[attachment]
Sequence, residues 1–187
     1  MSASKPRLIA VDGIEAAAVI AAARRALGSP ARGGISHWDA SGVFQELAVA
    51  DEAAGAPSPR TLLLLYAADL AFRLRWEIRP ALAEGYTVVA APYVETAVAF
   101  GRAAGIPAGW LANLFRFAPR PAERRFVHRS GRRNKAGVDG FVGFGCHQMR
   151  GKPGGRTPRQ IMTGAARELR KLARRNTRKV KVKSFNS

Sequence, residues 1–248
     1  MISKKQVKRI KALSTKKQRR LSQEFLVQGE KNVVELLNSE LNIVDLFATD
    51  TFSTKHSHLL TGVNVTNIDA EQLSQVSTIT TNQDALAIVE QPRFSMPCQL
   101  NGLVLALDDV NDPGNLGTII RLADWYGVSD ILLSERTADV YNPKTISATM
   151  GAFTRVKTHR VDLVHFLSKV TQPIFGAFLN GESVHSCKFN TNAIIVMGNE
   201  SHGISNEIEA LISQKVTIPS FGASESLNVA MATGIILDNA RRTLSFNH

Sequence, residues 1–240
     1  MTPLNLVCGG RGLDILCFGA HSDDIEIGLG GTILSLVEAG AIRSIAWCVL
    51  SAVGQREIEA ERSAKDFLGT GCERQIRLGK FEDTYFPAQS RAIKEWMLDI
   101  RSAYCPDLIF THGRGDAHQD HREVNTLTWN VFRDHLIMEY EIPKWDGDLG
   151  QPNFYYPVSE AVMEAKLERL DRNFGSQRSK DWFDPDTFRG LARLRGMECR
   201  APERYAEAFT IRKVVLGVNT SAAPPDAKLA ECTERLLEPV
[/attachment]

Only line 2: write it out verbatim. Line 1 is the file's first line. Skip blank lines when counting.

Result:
     1  MSASKPRLIA VDGIEAAAVI AAARRALGSP ARGGISHWDA SGVFQELAVA